Action against trade deal

Notebook Angus town centres'Arbroath High Street'Pic Neil Hanna
Notebook Angus town centres'Arbroath High Street'Pic Neil Hanna

Campaigners against the Transatlantic Trade Investment Partnership (TTIP) will take to the streets tomorrow (Saturday) to show their opposition to the proposed deal.

Following their protest in Montrose concerned Angus citizens will again take to the streets for a Global Action Day against the deal being negotiated in Brussels.

There will be a street stall and open air open public meeting from 12 noon at Arbroath High Street pedestrian precinct. The global protest is initiated by the Radical Independence party in conjunction with simultaneous protests happening across the world. A spokesperson said: “Campaigners say the deal poses a fundamental threat to our NHS, our public services, our health and safety protections and, through decisions made in secret international courts, to our democracy itself.”

Conservative candidate for Angus, Derek Wann said: “Underlying the agreement is the opportunity to add £10 billion to our economy every year, which is almost £400 per household, which means more jobs, more choice and reduced prices.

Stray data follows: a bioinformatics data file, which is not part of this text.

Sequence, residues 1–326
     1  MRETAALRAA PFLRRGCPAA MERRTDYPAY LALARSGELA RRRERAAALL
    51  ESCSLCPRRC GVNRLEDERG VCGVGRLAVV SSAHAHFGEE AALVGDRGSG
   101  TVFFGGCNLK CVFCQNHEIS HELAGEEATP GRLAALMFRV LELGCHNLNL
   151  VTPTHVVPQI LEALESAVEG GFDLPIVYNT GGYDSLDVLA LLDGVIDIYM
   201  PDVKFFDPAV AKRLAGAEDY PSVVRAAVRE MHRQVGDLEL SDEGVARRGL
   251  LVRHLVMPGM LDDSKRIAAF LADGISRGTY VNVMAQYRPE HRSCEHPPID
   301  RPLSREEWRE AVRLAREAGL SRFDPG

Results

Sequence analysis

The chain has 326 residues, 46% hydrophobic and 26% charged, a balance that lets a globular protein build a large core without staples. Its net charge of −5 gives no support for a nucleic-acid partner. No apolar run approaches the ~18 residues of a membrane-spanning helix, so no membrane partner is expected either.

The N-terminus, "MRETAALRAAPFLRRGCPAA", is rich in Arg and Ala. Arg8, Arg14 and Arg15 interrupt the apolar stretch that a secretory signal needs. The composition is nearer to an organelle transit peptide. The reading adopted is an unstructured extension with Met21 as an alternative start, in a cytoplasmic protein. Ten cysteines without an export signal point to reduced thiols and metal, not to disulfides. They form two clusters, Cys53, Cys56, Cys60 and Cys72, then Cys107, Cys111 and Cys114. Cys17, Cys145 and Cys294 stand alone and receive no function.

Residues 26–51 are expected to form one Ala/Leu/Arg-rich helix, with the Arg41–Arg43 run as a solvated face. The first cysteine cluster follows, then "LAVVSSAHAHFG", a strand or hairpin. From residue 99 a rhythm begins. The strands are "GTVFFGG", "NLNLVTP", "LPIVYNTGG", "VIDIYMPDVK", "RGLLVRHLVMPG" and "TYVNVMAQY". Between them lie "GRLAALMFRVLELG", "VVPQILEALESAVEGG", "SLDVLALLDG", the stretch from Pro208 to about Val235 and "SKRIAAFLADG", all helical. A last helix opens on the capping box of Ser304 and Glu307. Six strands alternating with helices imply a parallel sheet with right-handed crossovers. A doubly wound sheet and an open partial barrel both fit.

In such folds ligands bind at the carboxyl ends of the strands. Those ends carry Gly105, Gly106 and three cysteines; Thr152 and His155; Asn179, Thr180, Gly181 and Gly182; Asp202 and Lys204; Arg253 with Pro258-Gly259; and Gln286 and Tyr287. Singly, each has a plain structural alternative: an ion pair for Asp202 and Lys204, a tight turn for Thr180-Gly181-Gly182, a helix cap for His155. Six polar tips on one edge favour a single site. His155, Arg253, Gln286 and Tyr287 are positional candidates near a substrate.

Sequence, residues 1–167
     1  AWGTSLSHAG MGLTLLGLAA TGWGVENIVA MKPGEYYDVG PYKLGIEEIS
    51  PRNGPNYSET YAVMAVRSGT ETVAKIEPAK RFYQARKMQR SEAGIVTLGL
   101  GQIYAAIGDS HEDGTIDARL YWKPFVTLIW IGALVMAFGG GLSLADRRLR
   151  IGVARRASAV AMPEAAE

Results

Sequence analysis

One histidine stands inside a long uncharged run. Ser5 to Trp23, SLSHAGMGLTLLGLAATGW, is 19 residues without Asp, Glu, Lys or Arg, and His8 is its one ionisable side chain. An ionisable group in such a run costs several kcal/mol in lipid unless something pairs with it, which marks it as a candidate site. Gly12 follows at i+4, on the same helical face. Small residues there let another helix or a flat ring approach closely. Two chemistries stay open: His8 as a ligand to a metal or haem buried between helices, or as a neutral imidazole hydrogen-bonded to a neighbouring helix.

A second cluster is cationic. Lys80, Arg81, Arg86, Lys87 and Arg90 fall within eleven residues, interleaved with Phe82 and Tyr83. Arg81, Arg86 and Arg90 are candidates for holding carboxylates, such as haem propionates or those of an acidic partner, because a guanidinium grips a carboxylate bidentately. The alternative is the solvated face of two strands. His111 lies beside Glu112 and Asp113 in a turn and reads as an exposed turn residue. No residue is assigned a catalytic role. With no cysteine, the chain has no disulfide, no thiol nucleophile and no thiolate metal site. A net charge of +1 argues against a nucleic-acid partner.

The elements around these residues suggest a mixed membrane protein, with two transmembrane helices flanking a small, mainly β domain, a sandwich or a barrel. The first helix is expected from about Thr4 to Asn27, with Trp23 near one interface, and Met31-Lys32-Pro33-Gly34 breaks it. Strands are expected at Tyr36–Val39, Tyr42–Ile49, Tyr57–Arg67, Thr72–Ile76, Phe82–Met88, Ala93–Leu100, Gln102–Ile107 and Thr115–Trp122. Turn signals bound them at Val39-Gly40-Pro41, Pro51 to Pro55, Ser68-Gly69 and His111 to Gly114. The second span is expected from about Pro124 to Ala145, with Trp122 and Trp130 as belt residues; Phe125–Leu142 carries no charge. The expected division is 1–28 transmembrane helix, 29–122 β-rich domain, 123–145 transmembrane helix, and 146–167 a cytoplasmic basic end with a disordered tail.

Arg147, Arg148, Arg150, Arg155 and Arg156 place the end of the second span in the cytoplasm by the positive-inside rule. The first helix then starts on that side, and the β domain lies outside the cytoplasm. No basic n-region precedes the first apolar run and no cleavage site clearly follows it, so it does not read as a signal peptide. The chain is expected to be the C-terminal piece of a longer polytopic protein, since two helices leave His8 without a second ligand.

“TTIP will not change the fact that it is up to UK governments alone to decide how public services, including the NHS are run and I assure you there is nothing in the agreement that has the power to change UK laws or lower consumer, labour or environmental standards. Our high standards are not up for negotiation. If the Government can recognise mutually high standards with the US it will do so. But where it cannot, US businesses will have to raise their standards to meet ours, not the other way around.

“I am aware people fear that investors could sue the government for losses and win if the government takes a decision in the wider public interest. The Government has made clear this could never happen. The purpose of investor protection is to protect businesses investing abroad against discrimination and unfair treatment, not to allow companies to undermine public policymaking.